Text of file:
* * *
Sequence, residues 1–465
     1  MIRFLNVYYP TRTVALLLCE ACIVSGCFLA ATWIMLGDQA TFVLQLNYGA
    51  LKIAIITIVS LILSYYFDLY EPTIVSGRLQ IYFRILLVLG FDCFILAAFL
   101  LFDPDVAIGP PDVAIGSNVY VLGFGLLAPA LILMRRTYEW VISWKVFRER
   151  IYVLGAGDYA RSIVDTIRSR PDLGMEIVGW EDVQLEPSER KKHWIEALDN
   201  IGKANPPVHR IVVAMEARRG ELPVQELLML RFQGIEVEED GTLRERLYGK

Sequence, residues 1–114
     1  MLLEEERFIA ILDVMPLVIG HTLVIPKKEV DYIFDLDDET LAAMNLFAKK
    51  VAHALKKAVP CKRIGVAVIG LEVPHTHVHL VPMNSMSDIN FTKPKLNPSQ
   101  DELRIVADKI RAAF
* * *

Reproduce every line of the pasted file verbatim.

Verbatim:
Sequence, residues 1–465
     1  MIRFLNVYYP TRTVALLLCE ACIVSGCFLA ATWIMLGDQA TFVLQLNYGA
    51  LKIAIITIVS LILSYYFDLY EPTIVSGRLQ IYFRILLVLG FDCFILAAFL
   101  LFDPDVAIGP PDVAIGSNVY VLGFGLLAPA LILMRRTYEW VISWKVFRER
   151  IYVLGAGDYA RSIVDTIRSR PDLGMEIVGW EDVQLEPSER KKHWIEALDN
   201  IGKANPPVHR IVVAMEARRG ELPVQELLML RFQGIEVEED GTLRERLYGK

Sequence, residues 1–114
     1  MLLEEERFIA ILDVMPLVIG HTLVIPKKEV DYIFDLDDET LAAMNLFAKK
    51  VAHALKKAVP CKRIGVAVIG LEVPHTHVHL VPMNSMSDIN FTKPKLNPSQ
   101  DELRIVADKI RAAF